The heaviest rains have now pushed away so the risk of WIDESPREAD FLASH FLOODING has ended.
As skies brighten this afternoon, new scattered thunderstorms will be forming. That puts us back into the pattern where an afternoon gully washer can create localized storm issues (like we saw in Kanawha City on July 4th and Huntington yesterday).
When and where these would occur is not forecast-able until they form…though SouthernOhio in the 3-7pm period is a bit more favored than other areas.
In other words, back to a typical summer day pattern with afternoon builds up, but spotty in nature.
By the way, there looks to be a weather delay at the Greenbrier shortly as thunderstorms pass through the Old White.
Sunday Flood Risk Re-Assessed
Morning rains have not had enough “staying-power” to generate serious flood issues. Just nuisance street flooding so far has been reported. That includes the closure of the 8th and 10th street viaducts in Huntington.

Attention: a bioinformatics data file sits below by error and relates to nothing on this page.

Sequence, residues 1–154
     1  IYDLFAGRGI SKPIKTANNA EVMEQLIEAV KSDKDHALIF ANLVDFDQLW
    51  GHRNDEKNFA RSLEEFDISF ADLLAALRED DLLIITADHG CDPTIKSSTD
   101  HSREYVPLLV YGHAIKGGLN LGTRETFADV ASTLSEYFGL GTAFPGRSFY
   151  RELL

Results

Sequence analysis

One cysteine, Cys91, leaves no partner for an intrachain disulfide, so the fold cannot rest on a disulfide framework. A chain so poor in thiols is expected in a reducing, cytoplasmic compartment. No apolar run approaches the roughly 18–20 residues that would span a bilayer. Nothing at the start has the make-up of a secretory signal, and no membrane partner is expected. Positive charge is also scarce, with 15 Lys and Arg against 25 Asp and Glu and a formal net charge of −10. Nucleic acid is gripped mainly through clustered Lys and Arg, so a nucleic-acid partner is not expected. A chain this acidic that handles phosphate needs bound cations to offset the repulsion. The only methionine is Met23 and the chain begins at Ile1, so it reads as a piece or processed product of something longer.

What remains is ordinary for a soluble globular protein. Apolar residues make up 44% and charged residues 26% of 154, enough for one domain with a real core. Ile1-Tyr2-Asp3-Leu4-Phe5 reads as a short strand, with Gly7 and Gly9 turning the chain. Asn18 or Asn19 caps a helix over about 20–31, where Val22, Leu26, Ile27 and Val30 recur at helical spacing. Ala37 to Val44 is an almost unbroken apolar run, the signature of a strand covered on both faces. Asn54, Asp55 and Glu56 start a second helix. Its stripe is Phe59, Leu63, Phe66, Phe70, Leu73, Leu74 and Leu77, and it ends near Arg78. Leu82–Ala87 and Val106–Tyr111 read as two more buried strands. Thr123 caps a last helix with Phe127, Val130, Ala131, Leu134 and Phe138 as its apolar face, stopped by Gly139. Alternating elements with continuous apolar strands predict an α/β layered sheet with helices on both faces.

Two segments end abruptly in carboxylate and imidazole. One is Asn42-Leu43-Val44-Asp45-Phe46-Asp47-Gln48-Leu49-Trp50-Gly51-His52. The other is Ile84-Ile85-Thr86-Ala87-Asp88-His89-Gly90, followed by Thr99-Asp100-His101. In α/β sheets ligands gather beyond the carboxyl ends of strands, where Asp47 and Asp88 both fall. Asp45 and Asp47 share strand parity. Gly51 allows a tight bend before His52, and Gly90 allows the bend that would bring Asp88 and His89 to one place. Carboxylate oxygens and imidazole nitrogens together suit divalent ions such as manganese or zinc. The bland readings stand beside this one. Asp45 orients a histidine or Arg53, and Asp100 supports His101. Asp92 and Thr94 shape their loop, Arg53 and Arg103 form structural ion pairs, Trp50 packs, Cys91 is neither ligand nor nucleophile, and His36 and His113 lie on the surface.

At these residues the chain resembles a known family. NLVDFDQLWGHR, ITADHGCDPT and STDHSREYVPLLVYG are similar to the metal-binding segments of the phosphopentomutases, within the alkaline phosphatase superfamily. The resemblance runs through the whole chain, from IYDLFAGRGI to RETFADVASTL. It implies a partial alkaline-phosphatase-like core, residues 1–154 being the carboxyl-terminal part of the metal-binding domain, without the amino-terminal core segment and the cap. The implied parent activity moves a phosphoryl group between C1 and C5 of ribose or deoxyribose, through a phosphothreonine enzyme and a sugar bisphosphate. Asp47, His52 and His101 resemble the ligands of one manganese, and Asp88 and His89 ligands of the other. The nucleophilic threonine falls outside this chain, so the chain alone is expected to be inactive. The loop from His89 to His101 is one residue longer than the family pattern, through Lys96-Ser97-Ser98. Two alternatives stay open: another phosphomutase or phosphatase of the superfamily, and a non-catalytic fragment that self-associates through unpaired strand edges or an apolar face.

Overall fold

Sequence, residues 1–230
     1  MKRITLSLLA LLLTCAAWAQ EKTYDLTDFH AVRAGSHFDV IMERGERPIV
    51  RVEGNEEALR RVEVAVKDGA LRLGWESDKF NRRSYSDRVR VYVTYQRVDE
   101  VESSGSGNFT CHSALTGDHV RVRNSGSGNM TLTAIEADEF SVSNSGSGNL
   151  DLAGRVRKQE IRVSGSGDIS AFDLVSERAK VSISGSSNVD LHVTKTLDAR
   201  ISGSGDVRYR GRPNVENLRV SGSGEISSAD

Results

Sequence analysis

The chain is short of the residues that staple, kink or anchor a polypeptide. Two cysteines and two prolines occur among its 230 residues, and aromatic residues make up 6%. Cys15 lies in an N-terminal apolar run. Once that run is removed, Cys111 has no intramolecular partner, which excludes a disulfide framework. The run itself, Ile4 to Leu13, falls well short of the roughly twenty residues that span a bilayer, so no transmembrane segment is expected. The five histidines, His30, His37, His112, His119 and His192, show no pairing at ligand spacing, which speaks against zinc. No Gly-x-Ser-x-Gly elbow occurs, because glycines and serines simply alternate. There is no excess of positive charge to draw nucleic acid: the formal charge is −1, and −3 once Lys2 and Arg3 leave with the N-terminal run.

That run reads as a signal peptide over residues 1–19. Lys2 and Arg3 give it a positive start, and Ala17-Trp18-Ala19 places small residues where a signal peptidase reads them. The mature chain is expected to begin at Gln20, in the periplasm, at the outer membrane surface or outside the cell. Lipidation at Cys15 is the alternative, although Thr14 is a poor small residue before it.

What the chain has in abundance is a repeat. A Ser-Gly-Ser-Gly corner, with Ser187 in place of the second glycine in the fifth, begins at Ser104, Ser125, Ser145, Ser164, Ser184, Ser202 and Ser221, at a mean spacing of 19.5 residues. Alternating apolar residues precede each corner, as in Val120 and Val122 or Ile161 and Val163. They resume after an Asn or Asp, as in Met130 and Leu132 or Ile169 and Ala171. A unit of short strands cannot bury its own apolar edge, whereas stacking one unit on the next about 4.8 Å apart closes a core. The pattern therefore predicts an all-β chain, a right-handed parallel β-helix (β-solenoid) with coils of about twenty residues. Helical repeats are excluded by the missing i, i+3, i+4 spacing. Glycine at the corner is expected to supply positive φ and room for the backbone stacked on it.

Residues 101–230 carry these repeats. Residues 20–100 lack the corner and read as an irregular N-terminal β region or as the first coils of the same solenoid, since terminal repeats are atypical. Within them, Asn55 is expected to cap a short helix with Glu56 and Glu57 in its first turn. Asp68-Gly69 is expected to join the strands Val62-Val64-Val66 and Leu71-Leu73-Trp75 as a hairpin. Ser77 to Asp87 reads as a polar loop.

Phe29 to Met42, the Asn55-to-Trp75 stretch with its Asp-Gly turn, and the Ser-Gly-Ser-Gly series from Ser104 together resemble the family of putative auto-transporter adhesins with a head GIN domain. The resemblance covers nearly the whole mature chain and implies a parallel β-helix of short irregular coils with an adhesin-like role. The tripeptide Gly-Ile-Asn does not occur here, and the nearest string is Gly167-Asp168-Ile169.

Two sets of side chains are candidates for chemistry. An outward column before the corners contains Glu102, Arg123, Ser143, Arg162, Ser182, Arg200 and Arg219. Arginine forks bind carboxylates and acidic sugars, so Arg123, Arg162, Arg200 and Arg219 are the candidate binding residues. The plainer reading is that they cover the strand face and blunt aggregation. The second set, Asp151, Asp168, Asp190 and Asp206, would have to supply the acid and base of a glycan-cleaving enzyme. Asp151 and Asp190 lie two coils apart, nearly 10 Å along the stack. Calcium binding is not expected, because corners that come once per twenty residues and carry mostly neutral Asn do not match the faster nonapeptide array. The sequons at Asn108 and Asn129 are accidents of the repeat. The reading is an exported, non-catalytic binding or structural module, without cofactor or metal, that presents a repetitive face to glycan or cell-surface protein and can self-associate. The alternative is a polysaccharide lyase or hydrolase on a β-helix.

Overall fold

The Jackson Ohio police dispatcher said it best. “Streams are high, but so far not in flood”.
By 10AM, the heaviest rains were east of Spencer and Charleston. As they move eastward by noon these cells have the capability of producing some localized problems with water and given the increased risk of lightning, some power hits. Calhoun, Gilmer, Braxton, Nicholas and Clay Counties will be at risk.
These cells will be part of an afternoon thundery pattern in the mountains of WV, so Greenbrier Classic attendees have the rain gear handy and be prepared for a weather delay before the 2013 champion is crowned.
Meanwhile, heavy rains in Tennessee will be moving northeastward and arriving in the Coalfields of SE Kentucky and West Virginia by noon. This will be an area to watch closely this afternoon.
As skies brighten this afternoon the risk of new showers and thunderstorms forming will be a concern. The area most likely to see the new development is in southern Ohio.